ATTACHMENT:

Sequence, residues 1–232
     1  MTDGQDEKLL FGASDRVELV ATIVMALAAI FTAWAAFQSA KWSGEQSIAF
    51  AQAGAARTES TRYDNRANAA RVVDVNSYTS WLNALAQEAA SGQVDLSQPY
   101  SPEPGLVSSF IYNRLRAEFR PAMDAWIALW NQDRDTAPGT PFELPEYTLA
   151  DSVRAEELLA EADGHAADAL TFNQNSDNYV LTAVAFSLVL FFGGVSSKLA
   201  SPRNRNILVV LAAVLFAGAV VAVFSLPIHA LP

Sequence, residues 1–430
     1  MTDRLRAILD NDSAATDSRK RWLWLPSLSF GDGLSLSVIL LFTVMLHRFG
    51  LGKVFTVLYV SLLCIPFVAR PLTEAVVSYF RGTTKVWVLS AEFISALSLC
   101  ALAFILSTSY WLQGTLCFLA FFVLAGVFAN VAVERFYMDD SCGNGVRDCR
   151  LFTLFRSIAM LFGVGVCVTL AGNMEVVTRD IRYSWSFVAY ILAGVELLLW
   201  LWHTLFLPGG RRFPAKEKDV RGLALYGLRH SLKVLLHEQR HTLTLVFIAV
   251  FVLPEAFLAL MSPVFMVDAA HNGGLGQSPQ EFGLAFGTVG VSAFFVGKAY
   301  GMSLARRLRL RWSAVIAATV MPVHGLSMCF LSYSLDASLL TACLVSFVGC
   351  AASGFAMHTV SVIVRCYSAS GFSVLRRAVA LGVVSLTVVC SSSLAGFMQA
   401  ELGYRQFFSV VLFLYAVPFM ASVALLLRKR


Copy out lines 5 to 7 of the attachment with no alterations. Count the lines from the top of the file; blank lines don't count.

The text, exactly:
   151  DSVRAEELLA EADGHAADAL TFNQNSDNYV LTAVAFSLVL FFGGVSSKLA
   201  SPRNRNILVV LAAVLFAGAV VAVFSLPIHA LP

Sequence, residues 1–430